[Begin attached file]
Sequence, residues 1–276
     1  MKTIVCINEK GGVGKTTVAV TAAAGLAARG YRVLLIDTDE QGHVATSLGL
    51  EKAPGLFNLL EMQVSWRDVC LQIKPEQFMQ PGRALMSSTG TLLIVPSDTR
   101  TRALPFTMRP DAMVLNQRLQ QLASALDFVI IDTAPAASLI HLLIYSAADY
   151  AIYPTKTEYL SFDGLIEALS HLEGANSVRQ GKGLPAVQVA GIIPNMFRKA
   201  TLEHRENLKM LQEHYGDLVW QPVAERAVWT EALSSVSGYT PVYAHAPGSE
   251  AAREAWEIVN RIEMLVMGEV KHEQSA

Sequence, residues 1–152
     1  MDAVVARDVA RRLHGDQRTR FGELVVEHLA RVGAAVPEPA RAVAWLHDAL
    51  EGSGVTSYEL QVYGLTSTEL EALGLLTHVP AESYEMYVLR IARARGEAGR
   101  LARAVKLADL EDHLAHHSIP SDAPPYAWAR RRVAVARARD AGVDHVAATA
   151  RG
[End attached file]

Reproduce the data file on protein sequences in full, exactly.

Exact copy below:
Sequence, residues 1–276
     1  MKTIVCINEK GGVGKTTVAV TAAAGLAARG YRVLLIDTDE QGHVATSLGL
    51  EKAPGLFNLL EMQVSWRDVC LQIKPEQFMQ PGRALMSSTG TLLIVPSDTR
   101  TRALPFTMRP DAMVLNQRLQ QLASALDFVI IDTAPAASLI HLLIYSAADY
   151  AIYPTKTEYL SFDGLIEALS HLEGANSVRQ GKGLPAVQVA GIIPNMFRKA
   201  TLEHRENLKM LQEHYGDLVW QPVAERAVWT EALSSVSGYT PVYAHAPGSE
   251  AAREAWEIVN RIEMLVMGEV KHEQSA

Sequence, residues 1–152
     1  MDAVVARDVA RRLHGDQRTR FGELVVEHLA RVGAAVPEPA RAVAWLHDAL
    51  EGSGVTSYEL QVYGLTSTEL EALGLLTHVP AESYEMYVLR IARARGEAGR
   101  LARAVKLADL EDHLAHHSIP SDAPPYAWAR RRVAVARARD AGVDHVAATA
   151  RG